On January 9, 2024, the State of California Court of Appeals ruled in part against Gilead in its motion for summary adjudication by allowing plaintiffs’ claim for ordinary negligence against the drug manufacturer to proceed. The earlier motion had been denied on all counts by the Superior Court.
The ruling comes after years of litigation involving Gilead’s tenofovir-based HIV drugs. In 2001, Gilead introduced tenofovir disoproxil fumarate (TDF). The medication proved effective in suppressing the effects of HIV but also created health risks to users, including skeletal and kidney damage. While developing TDF, Gilead discovered a safer alternative – tenofovir alafenamide fumarate (TAF) that early tests indicated was safer and offered fewer risks than the earlier version.
According to plaintiffs, however, Gilead delayed development of TAF so it could maximize profits from the first patent-protected drug, TDF. Both drugs are made from the same parent drug but TAF is 12 times more potent, requiring fewer doses and possibly causing less of the harmful side effects including tooth loss, bone decay and kidney damage. Internal documents refer to the strategy as “the patent extension strategy”.
Years after the introduction of TDF to the market Gilead resumed development of TAF and after FDA approval released it for sale in 2015. In explaining its decision to discontinue development of TAF, Gilead stated that the differences between TDF and TAF were insufficient to warrant developing the second medication. As noted in the court’s decision, plaintiffs alleged:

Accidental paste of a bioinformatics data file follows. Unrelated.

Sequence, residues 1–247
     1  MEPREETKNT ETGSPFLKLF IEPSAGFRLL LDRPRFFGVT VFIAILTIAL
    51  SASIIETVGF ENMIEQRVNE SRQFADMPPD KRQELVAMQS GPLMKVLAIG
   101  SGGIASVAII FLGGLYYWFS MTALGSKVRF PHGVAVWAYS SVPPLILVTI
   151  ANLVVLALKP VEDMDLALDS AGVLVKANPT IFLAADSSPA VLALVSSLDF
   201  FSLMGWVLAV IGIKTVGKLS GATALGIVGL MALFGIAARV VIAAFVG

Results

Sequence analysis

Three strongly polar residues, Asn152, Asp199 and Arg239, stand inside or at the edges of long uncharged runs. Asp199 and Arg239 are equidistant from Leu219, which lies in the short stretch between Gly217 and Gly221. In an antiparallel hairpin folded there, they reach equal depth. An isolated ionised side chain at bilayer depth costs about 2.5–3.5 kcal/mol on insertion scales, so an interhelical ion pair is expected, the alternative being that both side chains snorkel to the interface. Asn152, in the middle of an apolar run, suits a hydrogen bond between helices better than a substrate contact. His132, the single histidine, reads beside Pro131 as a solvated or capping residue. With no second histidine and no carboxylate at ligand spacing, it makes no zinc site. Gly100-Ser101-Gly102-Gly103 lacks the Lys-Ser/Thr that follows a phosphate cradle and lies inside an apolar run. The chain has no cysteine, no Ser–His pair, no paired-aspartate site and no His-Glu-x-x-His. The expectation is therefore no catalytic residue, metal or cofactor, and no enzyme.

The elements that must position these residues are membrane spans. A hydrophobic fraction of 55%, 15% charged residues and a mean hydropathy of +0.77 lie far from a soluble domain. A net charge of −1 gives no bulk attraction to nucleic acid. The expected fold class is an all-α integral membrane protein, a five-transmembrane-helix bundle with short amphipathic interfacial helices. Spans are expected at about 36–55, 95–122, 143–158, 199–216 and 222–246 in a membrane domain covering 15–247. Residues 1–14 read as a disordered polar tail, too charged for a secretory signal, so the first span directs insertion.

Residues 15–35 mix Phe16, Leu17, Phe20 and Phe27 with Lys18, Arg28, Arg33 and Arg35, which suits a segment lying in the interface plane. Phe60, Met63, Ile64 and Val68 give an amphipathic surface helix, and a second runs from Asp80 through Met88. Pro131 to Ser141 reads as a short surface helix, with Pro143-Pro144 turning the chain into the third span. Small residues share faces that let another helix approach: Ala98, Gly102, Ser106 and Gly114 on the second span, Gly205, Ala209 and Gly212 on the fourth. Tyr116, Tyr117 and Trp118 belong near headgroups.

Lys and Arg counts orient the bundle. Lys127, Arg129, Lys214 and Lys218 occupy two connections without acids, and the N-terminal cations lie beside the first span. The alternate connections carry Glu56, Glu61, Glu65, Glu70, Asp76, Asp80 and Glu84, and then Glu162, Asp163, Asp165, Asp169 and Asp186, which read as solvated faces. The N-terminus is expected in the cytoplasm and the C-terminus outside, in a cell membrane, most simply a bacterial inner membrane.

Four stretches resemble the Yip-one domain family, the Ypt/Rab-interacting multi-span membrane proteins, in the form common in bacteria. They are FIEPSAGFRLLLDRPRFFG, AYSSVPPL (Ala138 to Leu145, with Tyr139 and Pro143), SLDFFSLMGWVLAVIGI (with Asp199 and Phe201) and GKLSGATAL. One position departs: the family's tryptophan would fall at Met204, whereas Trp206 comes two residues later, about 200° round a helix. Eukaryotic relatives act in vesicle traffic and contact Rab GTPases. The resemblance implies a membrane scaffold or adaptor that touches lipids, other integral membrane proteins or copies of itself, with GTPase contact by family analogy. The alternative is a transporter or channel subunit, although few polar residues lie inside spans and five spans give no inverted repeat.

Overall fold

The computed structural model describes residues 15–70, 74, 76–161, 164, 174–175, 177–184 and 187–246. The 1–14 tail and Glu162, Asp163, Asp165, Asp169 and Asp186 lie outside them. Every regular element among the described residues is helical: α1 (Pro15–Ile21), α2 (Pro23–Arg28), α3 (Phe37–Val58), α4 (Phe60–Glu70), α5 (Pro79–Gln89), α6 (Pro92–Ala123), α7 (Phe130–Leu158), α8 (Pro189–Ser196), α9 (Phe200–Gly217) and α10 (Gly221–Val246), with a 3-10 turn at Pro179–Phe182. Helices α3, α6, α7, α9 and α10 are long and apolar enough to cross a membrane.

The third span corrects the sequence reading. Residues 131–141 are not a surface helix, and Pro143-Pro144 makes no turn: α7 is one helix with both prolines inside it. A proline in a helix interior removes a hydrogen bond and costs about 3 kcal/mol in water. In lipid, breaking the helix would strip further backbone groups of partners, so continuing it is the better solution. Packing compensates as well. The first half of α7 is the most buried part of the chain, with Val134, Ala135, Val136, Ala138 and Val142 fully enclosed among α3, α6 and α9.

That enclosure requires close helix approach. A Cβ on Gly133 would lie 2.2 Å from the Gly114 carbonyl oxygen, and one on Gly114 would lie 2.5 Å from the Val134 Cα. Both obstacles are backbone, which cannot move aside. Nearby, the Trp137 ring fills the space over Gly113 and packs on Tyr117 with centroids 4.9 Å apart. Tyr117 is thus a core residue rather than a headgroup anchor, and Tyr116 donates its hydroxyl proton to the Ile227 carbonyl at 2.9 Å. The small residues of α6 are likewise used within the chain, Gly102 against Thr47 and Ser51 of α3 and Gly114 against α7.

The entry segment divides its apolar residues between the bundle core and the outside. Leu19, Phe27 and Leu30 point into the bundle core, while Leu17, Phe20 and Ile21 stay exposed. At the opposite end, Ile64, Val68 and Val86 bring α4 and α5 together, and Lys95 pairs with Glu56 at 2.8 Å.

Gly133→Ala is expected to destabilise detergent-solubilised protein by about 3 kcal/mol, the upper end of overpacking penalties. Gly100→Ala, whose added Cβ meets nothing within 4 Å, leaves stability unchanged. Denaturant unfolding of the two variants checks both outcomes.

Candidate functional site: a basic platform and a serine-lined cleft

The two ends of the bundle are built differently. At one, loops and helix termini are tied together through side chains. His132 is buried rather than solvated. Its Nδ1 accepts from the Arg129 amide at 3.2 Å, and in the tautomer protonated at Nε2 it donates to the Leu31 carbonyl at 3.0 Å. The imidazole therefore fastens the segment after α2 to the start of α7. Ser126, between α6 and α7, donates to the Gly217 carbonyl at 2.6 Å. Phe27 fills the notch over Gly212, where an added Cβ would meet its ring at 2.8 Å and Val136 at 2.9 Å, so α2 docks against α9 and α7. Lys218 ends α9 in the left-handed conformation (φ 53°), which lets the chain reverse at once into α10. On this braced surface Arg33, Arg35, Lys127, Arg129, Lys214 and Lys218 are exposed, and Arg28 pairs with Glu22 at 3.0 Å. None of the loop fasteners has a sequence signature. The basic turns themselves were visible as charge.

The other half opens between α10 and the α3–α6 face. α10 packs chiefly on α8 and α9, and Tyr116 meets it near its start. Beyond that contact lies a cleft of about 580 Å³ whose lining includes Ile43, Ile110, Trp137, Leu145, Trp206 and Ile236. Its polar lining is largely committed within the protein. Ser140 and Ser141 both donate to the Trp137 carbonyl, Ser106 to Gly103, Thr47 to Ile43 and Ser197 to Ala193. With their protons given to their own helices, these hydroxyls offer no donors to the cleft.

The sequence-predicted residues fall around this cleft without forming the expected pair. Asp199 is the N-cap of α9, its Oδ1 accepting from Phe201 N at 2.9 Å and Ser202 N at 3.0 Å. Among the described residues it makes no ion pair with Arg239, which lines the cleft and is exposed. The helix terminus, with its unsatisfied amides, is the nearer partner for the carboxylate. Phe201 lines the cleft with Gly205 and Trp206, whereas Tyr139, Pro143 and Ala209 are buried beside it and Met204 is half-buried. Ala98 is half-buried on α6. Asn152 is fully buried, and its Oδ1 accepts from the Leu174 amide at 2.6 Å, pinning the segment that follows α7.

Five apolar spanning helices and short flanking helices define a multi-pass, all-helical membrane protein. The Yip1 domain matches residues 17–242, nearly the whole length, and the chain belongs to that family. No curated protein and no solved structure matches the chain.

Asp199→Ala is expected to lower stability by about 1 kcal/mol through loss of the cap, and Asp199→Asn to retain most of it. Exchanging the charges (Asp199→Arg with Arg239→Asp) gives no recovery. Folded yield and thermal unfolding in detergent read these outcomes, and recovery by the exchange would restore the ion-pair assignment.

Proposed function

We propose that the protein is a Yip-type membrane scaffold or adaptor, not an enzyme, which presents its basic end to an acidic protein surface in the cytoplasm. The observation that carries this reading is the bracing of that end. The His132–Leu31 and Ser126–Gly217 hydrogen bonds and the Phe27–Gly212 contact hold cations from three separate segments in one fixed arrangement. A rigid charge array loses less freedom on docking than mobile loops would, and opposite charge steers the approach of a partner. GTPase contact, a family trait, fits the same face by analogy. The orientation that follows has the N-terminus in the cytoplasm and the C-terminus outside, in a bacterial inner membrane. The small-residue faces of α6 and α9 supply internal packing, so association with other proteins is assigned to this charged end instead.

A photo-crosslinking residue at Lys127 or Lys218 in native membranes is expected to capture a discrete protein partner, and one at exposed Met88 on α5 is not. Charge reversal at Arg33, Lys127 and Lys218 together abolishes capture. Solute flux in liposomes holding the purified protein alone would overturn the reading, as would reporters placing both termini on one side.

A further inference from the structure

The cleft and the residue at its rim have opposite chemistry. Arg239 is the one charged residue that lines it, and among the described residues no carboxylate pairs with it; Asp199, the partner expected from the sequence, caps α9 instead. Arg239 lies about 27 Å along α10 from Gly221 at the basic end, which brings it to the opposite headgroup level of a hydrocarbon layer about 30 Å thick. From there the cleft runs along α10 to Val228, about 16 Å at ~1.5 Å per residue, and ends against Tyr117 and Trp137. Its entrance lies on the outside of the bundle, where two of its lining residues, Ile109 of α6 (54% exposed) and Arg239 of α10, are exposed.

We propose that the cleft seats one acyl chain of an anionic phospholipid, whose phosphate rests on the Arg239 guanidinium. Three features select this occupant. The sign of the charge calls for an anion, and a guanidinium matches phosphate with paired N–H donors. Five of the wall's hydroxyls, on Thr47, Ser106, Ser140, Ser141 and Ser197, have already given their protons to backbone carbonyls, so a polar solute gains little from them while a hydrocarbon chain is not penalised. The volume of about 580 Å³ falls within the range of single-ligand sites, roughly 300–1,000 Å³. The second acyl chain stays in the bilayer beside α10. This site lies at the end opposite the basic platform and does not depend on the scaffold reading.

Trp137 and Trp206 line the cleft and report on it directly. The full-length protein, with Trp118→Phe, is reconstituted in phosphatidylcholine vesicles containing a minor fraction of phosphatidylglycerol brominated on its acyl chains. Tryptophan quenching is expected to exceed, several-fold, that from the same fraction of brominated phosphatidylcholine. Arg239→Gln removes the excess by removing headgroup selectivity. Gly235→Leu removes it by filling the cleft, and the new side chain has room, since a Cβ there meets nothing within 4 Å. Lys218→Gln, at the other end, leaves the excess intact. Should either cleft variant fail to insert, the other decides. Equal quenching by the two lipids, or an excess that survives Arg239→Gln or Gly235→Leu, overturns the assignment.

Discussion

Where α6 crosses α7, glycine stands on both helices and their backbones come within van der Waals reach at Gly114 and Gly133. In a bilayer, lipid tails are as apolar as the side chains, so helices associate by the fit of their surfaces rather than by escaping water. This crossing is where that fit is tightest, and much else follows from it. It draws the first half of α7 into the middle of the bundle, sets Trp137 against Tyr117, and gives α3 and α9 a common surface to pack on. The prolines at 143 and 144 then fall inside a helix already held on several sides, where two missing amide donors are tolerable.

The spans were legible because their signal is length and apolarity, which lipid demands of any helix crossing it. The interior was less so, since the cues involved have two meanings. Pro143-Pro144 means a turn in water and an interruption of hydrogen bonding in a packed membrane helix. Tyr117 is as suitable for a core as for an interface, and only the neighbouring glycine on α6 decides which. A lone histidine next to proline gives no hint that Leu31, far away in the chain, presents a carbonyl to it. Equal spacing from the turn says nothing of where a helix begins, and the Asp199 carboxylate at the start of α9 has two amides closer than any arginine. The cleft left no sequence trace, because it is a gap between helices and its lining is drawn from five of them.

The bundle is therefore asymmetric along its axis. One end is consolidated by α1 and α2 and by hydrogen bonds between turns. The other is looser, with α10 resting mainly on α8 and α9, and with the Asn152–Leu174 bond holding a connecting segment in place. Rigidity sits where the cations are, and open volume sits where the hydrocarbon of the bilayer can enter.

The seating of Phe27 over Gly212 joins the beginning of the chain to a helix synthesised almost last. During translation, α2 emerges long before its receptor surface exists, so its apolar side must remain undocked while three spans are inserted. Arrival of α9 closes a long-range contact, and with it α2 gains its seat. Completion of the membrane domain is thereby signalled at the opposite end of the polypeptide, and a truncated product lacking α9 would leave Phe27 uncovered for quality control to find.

“……that Gilead’s decision to discontinue work on TAF was actually driven by a conscious business strategy to maximize the financial value of TDF. If TAF were developed immediately as a treatment, plaintiffs allege, its superiority to TDF would have resulted in its replacement of TDF as an HIV/AIDS treatment. By deferring development of TAF, in contrast, Gilead was able to maximize its sales of TDF, while using the later release of TAF to extend the patent coverage of tenofovir-related medications. As plaintiffs allege, this strategy “would effectively monetize both drugs.”
In response, Gilead argued that the plaintiffs could not seek compensation for harm caused by a product if that product is not proven defective, and that the company had no duty to disclose facts relating to TAF when that drug had not yet been approved by the FDA. It should be noted that the plaintiffs concede that TDF is not in itself faulty and should remain on the market.
To date there are approximately 24,000 plaintiffs in the coordinated proceedings pending in the Superior Court for San Francisco
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